It wasn’t strange that Citi Open opponents Zarina Diyas and Kurumi Nara were wearing the same outfits in their match Wednesday afternoon. That’s not an uncommon occurrence on the Women’s Tennis Association Tour.
But instead of a swoosh or three stripes or even the double-diamond of European favorite Lotto, there was an unfamiliar logo on the women’s black skirts and yellow tops: an underlined S of the tennis company Srixon, which sponsors mostly Asian players such as Kazakhstan’s Diyas and Japan’s Nara.
All-Asian matchups are happening with growing regularity. In the footsteps of ground-breaking Grand Slam champion Li Na, Asian players such as Diyas and Nara continue to climb the singles rankings as the WTA pushes into the Asian market.
Earlier this year, the WTA announced it will hold its championships in an Asian-Pacific country for the first time in the 44-year history of the event. For the next five years, the tour will play its late October finals in Singapore.
When Li won the 2011 French Open to become the first Asian Grand Slam champion, she lifted the sport to a new level of prominence in her native China. Time featured her on the cover of its 2013 100 Most Influential People in the World issue, and Nike confirmed the honor when it named its Chinese headquarters after her last week.
“I really respect Li Na,” Nara said after her match Wednesday. “She’s a great player. I hope more Asian players get into the top 10.”
Three years after that win at Roland Garros, Li, who also won this year’s Australian Open, is still the only Asian player to win a Grand Slam singles title. But with breakout seasons, players such as Diyas, 20, and Nara, 22, are threatening to join her.
Diyas made an unexpected run to the round of 16 at Wimbledon earlier this month, a career-best Grand Slam result that came after a trip to the round of 32 in the Australian Open. The right-hander first gained interest in tennis as a child when she saw Martina Hingis play on television. She opts to train in Guangzhou, China, where there are “good conditions” and “good physios” at coach Alan Ma’s training facility.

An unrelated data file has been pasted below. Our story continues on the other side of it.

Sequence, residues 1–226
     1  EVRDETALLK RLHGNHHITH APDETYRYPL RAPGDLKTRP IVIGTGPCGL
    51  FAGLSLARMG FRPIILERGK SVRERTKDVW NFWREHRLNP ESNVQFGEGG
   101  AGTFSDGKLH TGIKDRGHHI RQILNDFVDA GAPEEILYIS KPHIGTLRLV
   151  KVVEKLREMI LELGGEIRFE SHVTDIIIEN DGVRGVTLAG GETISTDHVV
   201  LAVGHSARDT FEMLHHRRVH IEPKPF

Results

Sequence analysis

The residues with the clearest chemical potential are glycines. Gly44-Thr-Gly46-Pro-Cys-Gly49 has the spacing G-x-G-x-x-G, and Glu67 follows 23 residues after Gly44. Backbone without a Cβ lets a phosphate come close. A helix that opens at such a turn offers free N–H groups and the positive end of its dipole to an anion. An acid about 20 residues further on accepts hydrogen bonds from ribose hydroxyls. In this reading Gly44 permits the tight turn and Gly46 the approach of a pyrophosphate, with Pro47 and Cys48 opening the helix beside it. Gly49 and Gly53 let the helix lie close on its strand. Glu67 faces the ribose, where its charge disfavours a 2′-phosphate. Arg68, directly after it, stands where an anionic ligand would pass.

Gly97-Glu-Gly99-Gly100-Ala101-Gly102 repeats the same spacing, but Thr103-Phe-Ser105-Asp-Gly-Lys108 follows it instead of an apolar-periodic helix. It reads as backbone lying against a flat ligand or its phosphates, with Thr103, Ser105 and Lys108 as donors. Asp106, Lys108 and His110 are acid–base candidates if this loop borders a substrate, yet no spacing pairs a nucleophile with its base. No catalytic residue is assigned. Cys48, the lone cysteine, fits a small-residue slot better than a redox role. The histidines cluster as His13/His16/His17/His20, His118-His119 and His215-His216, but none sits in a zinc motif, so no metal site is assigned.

Of Diyas’s three finals appearances this season, two came at East Asian venues: one in Guangzhou and the other in Hong Kong. Not even a decade ago, opportunities to play on her home continent would have been much harder to come by.
In 2005, the WTA held nine events in Asian countries. Asia will host eight WTA events in September alone and 23 overall this season.
Nara reached a career-high ranking of No. 38 earlier this month and likely will jump even further thanks to wins over No. 27 Madison Keys and Diyas so far at the Citi Open. Just behind Nara in the rankings is China’s Shuai Peng, the only other Asian player Nara can remember playing on tour besides Diyas. Shuai and her partner, Su-Wei Hsieh from Chinese Taipei, are the third- and fourth-ranked doubles players in the world, respectively.
Nara’s countrywomen Shuko Aoyama, a two-time defending doubles champion at the Citi Open, said more children play tennis in Japan than when she was young.
As she spoke after her quarterfinal win Wednesday, the highest-ranked male from an Asian country, Kei Nishikori, walked by and offered his congratulations. Nishikori, 24, is Japan’s most prominent tennis star, the only Japanese player ever to be ranked in the ATP top 10.
Nearly as influential on the women’s side is Kimiko Date-Krumm, who reached a WTA ranking of No. 4 in the early 1990s before retiring in 1996 at the age of 26. She returned to the WTA in 2008, became the second-oldest player to win a tour event in 2009 and is still in the top 100, ranked 88th at age 43.
“She has helped Japanese tennis a lot,” Aoyama said. “We all want to fight like Kimiko.”
The number of Asian tennis role models has grown since Date-Krumm ruled with Ai Sugiyama in the late 1990s, though not by much. Date-Krumm, Li and Sugiyama remain the only Asian women to reach the WTA singles top 10.
Diyas and Nara may not ascend to the status of those legends by the time the WTA’s deal with Singapore ends. But given the growth of the game’s profile on their home continent and the WTA’s focus on elevating it even further, it’s likely future matchups between Asian players — if not identically dressed up-and-comers — won’t seem so novel.